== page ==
Gender is a range of physical, mental, and behavioral characteristics distinguishing between masculinity and femininity. Depending on the context, the term may refer to biological sex, social roles, or gender identity. Sexologist John Money introduced the terminological distinction between biological sex and gender as a role in 1955. Before his work, it was uncommon to use the word "gender" to refer to anything but grammatical categories. However, Money's meaning of the word did not become widespread until the 1970s, when feminist theory embraced the distinction between biological sex and the social construct of gender. Today, the distinction is strictly followed in some contexts, especially the social sciences and documents written by the World Health Organization. However, in most other contexts, even in some areas of social sciences, the meaning of gender has undergone a usage shift to include "sex" or even to replace the latter word. Although this gradual change in the meaning of gender can be traced to the 1980s, a small acceleration of the process in the scientific literature was observed when the Food and Drug Administration started to use "gender" instead of "sex" in 1993. "Gender" is now commonly used even to refer to the physiology of non-human animals, without any implication of social gender roles.

Chambers 20th Century Dictionary

  1. Gender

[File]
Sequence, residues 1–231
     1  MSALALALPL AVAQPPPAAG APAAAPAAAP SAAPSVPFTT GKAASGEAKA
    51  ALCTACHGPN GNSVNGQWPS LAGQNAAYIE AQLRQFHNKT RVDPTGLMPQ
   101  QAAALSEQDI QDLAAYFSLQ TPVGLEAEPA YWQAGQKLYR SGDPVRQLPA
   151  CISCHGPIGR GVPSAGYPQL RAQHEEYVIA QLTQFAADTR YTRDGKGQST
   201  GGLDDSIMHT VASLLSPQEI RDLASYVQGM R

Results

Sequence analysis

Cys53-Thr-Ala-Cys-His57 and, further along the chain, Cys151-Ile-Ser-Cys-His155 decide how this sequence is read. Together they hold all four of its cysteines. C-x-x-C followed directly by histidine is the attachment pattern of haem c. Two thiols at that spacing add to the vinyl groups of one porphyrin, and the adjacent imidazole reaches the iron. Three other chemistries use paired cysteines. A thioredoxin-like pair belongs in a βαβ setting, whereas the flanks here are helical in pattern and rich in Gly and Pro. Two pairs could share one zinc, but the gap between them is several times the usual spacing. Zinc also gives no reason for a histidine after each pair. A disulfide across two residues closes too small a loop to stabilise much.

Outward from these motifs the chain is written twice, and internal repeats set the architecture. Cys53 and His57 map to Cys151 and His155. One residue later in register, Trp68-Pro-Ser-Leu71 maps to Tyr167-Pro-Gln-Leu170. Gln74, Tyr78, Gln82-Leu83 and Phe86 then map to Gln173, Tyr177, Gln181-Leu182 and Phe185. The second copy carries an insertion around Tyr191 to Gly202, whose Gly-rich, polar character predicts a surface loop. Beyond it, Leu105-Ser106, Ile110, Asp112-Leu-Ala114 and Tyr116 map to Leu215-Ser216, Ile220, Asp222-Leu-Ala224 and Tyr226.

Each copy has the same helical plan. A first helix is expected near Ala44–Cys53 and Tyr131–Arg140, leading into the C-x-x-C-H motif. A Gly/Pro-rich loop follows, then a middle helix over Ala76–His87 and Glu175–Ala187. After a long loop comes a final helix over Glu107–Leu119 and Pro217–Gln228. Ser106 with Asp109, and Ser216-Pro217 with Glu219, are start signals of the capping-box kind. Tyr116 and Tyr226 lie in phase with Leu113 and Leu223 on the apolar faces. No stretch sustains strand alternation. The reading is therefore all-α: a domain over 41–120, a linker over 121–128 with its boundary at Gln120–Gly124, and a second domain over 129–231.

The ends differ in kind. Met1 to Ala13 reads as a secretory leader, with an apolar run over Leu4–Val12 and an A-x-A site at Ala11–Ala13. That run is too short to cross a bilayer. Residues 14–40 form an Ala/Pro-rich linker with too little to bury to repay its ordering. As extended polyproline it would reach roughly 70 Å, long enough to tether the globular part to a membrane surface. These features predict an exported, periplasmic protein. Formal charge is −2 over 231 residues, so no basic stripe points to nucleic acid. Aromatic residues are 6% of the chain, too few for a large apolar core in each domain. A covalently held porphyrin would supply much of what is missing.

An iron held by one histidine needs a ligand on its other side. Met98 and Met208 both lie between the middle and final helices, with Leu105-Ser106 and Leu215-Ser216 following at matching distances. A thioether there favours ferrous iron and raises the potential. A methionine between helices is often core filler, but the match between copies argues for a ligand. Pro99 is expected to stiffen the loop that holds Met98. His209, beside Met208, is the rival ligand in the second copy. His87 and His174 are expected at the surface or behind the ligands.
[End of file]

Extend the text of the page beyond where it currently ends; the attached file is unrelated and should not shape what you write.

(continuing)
jen′dėr, v.t. to beget.—v.i. (B.) to copulate. [An abbrev. of engender.]

  2. Gender

    jen′dėr, n. kind, esp. with regard to sex: (gram.) the distinction of nouns according to sex. [Fr. genre—L. genus, generis, a kind, kin.]

Editors Contribution

  1. gender

    The fact of being a male or female human being or male or female living organism.

    Gender is used in human resources data and reports for various purposes.

    Submitted by MaryC on March 25, 2020  

British National Corpus

  1. Spoken Corpus Frequency

    Rank popularity for the word 'gender' in Spoken Corpus Frequency: #4424

  2. Nouns Frequency

    Rank popularity for the word 'gender' in Nouns Frequency: #1827

How to pronounce gender?

How to say gender in sign language?

Numerology

  1. Chaldean Numerology

    The numerical value of gender in Chaldean Numerology is: 6

  2. Pythagorean Numerology

    The numerical value of gender in Pythagorean Numerology is: 8

Examples of gender in a Sentence

  1. Joanne Cantor:

    First of all, there's a large gender difference in who loves this stuff and who finds it appalling, guys tend to like it more than girls.

  2. Woody Johnson:

    I have followed the ethical rules and requirements of my office at all times, these false claims of insensitive remarks about race and gender are totally inconsistent with my longstanding record and values.

  3. Yumi Ishikawa:

    Japan is thickheaded about gender discrimination, it's way behind other countries in this regard.

  4. Nando Rodriguez:

    The environment is probably the one issue where race, culture, gender (and) age don't matter, nothing is in separation except the planet or destroying it.

  5. Nobel Committee:

    The quartet was formed in the summer of 2013 when the democratization process was in danger of collapsing as a result of political assassinations and widespread social unrest, it established an alternative, peaceful political process at a time when the country was on the brink of civil war. It was thus instrumental in enabling Tunisia, in the space of a few years, to establish a constitutional system of government guaranteeing fundamental rights for the entire population, irrespective of gender, political conviction or religious belief.

Images & Illustrations of gender

  1. gendergendergendergendergender

Popularity rank by frequency of use

gender#1#2727#10000

Translations for gender

From our Multilingual Translation Dictionary